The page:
Psalm 34: 1-14; Matthew 10: 34-39
In the classic BOOK OF COMMON PRAYER there is a prayer that starts with this phrase: “Almighty God: kindle, we pray, in every heart the true love of peace.” Kindle in every heart. At this time when even Floridians have a fire or two in their fireplaces, I hearken back to my Scouting days when, to start a fire in the wilderness from scratch, we first collected little bits of dry grass or rope that we called tinder. Using flint and steel, the sometimes tedious task was started, hoping a spark would ignite the dry brush. The conditions had to be just right, including blowing on it: not too much or too little. Once it caught we could add kindling: very small pieces of wood that would help the spark grow into a self-sustaining fire. Is it possible that God needs to “kindle” in our hearts the true love of peace? In the midst of a world that sometimes thrives on conflicts, how do we build peace, or even create it, when there are tensions, needs, and hostilities?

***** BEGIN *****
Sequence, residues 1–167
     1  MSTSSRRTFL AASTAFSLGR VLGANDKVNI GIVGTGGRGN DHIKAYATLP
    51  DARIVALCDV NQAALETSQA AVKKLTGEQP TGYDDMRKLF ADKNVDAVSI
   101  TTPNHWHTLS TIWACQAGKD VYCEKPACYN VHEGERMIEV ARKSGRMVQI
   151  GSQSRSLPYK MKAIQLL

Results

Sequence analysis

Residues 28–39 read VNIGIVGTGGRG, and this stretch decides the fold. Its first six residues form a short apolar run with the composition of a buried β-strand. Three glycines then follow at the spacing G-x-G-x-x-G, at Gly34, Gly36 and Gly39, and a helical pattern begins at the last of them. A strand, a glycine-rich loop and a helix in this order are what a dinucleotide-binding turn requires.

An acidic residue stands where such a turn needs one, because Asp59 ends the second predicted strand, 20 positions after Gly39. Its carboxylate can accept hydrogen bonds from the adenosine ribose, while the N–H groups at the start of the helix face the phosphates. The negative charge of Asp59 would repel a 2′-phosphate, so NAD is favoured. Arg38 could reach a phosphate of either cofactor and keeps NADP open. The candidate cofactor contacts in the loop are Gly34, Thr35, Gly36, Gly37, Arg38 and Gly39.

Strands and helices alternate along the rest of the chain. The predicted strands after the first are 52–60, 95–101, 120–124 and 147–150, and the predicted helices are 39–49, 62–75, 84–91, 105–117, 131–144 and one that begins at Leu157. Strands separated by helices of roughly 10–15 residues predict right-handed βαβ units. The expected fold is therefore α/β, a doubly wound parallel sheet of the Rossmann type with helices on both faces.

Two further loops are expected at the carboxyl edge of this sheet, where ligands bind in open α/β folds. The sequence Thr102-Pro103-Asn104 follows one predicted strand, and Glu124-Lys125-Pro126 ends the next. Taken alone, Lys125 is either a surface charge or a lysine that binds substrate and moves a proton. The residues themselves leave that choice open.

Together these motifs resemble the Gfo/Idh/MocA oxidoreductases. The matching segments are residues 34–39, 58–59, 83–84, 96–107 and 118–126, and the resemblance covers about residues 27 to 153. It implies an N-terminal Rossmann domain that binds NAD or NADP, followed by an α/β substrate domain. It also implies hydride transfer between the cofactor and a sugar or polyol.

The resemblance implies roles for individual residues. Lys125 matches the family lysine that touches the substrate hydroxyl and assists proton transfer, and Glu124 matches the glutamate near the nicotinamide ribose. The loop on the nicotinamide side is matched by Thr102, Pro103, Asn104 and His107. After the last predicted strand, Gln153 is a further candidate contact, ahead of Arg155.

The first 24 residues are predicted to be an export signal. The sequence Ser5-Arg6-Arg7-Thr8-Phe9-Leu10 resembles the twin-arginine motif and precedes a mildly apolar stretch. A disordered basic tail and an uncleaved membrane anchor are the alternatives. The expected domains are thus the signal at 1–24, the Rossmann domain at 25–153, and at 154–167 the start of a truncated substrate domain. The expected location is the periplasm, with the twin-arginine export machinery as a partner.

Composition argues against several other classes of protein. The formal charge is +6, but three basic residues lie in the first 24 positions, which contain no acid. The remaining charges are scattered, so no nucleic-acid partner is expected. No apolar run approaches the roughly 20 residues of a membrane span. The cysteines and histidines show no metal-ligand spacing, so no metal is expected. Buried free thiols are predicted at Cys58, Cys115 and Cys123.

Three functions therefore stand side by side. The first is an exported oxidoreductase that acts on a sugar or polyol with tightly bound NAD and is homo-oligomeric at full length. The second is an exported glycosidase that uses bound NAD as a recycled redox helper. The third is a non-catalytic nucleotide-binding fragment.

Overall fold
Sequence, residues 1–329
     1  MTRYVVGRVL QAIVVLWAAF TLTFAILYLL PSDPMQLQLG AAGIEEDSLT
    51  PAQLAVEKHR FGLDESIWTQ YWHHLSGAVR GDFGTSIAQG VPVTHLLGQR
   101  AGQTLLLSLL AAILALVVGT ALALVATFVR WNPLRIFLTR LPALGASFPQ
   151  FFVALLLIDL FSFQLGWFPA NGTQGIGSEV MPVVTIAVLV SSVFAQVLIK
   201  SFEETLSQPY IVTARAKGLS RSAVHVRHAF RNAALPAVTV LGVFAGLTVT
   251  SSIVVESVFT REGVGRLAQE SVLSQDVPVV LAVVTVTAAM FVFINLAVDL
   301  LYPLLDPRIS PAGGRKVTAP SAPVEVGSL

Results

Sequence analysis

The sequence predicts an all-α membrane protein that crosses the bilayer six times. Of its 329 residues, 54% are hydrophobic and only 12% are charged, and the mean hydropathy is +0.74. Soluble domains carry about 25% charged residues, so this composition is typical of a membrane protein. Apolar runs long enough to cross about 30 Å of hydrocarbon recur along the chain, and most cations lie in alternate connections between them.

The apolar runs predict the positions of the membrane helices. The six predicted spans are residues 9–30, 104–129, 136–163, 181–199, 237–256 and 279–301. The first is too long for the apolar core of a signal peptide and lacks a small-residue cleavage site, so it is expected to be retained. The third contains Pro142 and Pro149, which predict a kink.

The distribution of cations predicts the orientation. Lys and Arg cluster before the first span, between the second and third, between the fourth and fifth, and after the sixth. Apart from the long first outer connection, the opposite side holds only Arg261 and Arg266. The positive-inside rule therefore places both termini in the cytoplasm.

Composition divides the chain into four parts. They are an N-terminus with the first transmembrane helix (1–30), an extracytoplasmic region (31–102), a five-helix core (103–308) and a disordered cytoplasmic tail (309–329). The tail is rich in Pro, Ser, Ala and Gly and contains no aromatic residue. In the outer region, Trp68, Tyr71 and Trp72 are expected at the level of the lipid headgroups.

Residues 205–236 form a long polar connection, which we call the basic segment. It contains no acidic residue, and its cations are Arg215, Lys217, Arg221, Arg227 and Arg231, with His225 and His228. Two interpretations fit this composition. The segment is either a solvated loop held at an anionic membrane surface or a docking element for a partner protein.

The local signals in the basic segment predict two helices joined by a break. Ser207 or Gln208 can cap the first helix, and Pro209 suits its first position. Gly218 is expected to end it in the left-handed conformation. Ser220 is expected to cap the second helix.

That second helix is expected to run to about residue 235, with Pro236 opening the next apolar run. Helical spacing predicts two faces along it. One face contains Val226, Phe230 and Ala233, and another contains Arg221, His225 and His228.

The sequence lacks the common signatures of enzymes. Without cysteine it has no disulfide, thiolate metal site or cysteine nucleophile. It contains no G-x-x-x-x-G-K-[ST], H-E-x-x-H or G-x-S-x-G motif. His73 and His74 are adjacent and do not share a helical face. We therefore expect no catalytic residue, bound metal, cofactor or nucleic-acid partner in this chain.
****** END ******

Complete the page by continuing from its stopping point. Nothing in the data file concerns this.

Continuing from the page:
Today I asked for two non-prescribed, non-Christmas texts to be read: in this season when the church preaches the peace of Christ, church leaders, choral leaders, business leaders, teachers, and parents are often filled with less peace than during other months of the year! How do we preach peace when we often do a poor job of living and experiencing it? So today I have not picked Christmas texts on peace. I hope to illustrate two Biblical texts on peace in a unique way. The first one was read from the lectern and it advocated pursuing peace because good things had happened in David’s life when he wrote Psalm 34. The Psalm is actually an alphabetical acrostic with each line starting with the next letter in the Hebrew alphabet. The second lesson was read from the pulpit and described that following Christ can be anything but a peaceful experience. God’s word, and Gods’ people- like a multi-faceted diamond- deal with peace in various ways. Sometimes we hear that the Messiah is “the Prince of Peace;” today we also heard David implore others to seek and pursue peace” (34:14.) How do we square that with the words of Jesus himself read from the pulpit: “Do not think that I have come to bring peace on earth.” (Matthew 10:34). Today I suggest a more than perfunctory reading of Scripture will bring us closer to the meaning of peace—which is much more than the absence of conflict. Peace cannot effectively be described by what it isn’t; like a vacuum, simply removing shouting, loud noises, antagonistic, or pathological actions does not leave peace; it leaves a vacuum into which harmful actions can enter. Imagine a room filled with smoke. If smoke represents conflict, and a vacuum tube begins to pull the smoke from the room, if the room were perfectly sealed, the vacuum would finally strain to get the last drop of smoke out, creating a room without air. It would be a vacuum-sealed room. But peace is not just the absence of conflict; it is the carefully planned replacement of conflict. In the vacuum example, slowly letting air into the room would be like peace replacing conflict. Or peace can be thought of as a recipe for different living: in our Christmas mixing bowl put in a dash of real listening, a spoonful of justice, a cup of caring for others, and another cup of “What Would Jesus do?” as some ingredients for peace. To think that Jesus always brought peace, or that Christians always offer peace, is to ignore Biblical and historical facts. But to pursue and to work to make peace is the guidance that comes right from David in the Old Testament and Jesus in the New. How do we put the recipe of peace to work in this Advent season? How do you seek to do what God would want you to do in these situations?